Another triumphant return this issue comes in the form of Kev Walker. He’d mostly vanished during the Fear Itself stuff over the summer, but roars back into the spotlight here. I’ve commented before that Walker reminds me of Kirby in a lot of ways — mostly the physical solidity of his characters, the unrestrained (at times histrionic) emotion in their expressions, things like that. The real trick, though, is his skill with action scenes. When the Thunderbolts take on a certain military presence of note, there’s swiftness and brutality in the carnage. I’ve noticed that Parker tends to save the most line-toeing moments for Walker issues — or maybe Walker just toes the line himself. Either way, with him on board we get scenes like the glimpse of Mr. Hyde’s fantasy, which do a lot to help give the book a gasoline-huffing post-crossover jumpstart.

    The tone of things in general is far less solemn than it was during Fear Itself, though no less serious. I’m about to spoil the crux of the new set-up, so if you don’t want to be spoiled, only read to the end of this sentence, and know that this issue was very good indeed and worthy of your purchase. Anyway, now that all of the spoiler-haters are gone, we can get into it: this is a time travel story. Moreover, it’s a freewheeling, devil-may-care time travel story. In recent years, “time travel” has taken on connotations in fiction that have become manacles. Everyone is concerned with making sure that their time travel stories “make sense,” although I suspect that when people profess that they want to write a time travel story that “makes sense,” what they mean is that they want to write a time travel story that “makes them look really, really, really, really, really clever.” They can try to satisfy the discerning eyes and minds of nitpicking time travel nerds, but those people will never be happy, so sometimes the best course of action is just to go “fuck it” and start wailing on some Nazis, confident that the imaginary universe will only be irreparably damaged by time travel if it is willed into being. For this, Thunderbolts, I salute you.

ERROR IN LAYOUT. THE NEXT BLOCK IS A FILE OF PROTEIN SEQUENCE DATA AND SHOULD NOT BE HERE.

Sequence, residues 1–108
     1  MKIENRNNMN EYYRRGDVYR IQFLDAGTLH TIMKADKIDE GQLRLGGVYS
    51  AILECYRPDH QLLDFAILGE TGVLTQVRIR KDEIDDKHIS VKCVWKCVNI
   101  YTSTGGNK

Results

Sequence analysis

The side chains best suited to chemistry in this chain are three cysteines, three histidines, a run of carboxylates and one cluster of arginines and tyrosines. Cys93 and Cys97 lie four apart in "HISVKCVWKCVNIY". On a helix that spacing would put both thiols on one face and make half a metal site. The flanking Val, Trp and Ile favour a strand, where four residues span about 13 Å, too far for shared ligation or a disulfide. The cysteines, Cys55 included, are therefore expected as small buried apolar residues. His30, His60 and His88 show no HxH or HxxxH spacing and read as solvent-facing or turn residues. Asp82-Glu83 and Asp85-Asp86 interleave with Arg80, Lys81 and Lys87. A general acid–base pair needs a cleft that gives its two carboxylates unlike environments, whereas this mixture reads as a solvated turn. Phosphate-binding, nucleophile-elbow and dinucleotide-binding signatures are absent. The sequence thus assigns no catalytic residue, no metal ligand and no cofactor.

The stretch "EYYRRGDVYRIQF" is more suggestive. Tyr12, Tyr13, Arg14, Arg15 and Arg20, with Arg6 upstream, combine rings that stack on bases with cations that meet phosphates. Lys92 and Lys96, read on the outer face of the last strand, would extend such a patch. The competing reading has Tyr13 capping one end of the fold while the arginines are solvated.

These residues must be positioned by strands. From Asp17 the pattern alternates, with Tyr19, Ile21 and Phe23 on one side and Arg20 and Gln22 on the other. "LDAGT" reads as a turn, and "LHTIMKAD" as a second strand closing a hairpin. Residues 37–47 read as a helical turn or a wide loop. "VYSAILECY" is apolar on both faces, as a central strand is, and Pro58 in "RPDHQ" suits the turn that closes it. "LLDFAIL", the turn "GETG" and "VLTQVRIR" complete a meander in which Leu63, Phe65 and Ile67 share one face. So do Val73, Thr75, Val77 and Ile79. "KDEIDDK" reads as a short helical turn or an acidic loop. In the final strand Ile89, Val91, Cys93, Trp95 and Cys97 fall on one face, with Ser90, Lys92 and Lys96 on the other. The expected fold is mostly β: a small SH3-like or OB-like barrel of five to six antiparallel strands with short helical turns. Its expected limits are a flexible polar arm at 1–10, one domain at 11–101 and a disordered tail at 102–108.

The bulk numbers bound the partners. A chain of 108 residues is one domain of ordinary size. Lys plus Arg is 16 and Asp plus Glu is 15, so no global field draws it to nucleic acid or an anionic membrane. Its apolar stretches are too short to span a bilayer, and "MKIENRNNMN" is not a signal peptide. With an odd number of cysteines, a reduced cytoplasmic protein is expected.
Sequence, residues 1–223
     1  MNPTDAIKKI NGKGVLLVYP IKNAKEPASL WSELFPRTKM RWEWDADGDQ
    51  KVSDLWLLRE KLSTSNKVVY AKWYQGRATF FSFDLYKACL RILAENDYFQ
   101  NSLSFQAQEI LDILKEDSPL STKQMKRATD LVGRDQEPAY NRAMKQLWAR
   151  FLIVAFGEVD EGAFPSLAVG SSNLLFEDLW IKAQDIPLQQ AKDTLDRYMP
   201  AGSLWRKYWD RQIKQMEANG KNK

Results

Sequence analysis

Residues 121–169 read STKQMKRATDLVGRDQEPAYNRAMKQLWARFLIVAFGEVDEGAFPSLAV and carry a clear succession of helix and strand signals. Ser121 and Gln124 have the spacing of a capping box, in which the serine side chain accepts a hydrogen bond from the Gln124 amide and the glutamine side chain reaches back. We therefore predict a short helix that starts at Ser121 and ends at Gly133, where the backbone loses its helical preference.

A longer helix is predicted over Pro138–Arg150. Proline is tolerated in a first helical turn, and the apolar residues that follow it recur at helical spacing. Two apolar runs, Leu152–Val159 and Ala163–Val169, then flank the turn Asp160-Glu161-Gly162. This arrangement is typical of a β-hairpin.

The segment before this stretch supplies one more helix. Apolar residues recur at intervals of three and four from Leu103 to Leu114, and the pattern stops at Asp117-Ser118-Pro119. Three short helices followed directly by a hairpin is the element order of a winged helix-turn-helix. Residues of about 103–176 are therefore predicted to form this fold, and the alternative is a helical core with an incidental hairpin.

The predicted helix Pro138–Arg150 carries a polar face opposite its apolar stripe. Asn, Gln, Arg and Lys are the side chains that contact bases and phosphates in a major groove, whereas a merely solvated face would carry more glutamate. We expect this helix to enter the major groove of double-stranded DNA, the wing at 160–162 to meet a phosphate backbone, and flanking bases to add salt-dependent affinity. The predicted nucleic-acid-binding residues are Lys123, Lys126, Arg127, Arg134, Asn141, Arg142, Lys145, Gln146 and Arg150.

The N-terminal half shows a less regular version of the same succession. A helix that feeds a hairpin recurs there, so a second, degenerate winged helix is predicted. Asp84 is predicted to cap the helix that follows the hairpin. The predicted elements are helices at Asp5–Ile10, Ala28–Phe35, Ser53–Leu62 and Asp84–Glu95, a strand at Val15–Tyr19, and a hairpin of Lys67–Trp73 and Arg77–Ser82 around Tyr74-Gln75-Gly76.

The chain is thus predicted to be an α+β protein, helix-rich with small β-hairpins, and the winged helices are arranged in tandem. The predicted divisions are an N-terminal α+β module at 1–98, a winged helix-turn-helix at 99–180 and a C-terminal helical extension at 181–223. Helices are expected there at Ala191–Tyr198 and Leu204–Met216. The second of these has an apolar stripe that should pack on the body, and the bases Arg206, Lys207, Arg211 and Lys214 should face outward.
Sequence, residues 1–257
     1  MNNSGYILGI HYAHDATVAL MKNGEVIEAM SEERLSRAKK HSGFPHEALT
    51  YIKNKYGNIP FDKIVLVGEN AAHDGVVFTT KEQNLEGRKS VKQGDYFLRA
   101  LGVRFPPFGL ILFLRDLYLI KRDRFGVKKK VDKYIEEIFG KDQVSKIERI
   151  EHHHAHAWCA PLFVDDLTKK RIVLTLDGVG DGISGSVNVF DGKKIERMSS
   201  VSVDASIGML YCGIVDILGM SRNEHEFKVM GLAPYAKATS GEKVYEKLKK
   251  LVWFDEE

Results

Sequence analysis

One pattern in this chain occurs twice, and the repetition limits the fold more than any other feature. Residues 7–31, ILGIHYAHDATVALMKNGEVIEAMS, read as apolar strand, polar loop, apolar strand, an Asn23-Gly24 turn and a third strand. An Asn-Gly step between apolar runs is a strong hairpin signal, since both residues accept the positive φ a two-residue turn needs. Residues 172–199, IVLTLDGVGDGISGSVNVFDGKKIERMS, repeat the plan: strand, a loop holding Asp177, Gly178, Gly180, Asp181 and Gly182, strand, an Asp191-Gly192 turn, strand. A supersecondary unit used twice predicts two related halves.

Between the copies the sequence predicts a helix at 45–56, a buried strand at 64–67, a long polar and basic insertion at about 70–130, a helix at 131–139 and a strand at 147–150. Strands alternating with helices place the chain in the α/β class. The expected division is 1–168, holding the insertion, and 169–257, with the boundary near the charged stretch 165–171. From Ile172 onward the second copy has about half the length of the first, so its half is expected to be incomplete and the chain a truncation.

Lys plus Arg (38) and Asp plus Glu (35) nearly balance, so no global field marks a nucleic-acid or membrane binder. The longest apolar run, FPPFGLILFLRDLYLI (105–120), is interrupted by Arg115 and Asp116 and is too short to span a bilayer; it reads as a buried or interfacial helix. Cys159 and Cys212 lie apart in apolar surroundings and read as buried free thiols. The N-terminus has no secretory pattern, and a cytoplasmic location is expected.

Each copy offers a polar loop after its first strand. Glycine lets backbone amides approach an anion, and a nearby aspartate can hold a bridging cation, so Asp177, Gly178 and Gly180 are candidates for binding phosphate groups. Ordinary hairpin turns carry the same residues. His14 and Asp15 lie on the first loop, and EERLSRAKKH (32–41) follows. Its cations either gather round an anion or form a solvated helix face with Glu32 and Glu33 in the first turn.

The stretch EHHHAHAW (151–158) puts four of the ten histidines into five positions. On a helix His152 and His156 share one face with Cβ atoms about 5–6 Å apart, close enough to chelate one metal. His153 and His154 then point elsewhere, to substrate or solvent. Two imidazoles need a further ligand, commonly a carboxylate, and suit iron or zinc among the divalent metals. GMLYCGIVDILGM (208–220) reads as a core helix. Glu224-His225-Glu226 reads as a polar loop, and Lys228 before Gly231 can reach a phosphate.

Continued below

    What issue one hundred and sixty-three brings to Thunderbolts is another abrupt left turn for the book. This is less jarring than it would be on more steadfastly-built franchises; indeed, the only consistent aspect of the T-Bolts’ entire run is their willingness to make those turns, sometimes into oncoming traffic. Jeff Parker started his run with the book on one track, then jumped it to another, and now jumps it again, and the result is one of the few mainstream superhero comics where it seems like anything could happen without having to rewrite the universe.

    Final Verdict: 9.099999 / All the “9”s make it look like it’s higher than the “9.5”s people are throwing around this week — true story

    Patrick Tobin

    Patrick Tobin (American) is likely shaming his journalism professors from the University of Glasgow by writing about comic books. Luckily, he's also written about film for The Drouth and The Directory of World Cinema: Great Britain. He can be reached via e-mail right here.